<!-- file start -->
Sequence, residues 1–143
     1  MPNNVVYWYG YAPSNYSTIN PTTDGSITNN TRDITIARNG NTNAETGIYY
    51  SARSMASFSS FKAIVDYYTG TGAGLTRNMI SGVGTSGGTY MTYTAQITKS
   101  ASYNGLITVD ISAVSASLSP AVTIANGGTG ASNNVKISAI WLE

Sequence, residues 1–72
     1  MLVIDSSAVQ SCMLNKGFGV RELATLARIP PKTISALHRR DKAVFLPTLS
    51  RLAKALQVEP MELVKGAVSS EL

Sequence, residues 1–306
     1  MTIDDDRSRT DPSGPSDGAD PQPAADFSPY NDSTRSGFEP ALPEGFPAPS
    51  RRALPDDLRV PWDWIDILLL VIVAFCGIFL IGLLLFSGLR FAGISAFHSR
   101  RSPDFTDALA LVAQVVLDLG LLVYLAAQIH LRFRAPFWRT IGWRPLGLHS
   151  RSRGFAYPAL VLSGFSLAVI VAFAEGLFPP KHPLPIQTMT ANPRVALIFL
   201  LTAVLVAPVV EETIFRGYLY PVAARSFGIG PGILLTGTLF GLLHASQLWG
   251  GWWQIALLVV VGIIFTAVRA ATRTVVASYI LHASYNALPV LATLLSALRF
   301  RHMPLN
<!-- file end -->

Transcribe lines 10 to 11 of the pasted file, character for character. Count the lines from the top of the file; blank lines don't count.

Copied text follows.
    51  RRALPDDLRV PWDWIDILLL VIVAFCGIFL IGLLLFSGLR FAGISAFHSR
   101  RSPDFTDALA LVAQVVLDLG LLVYLAAQIH LRFRAPFWRT IGWRPLGLHS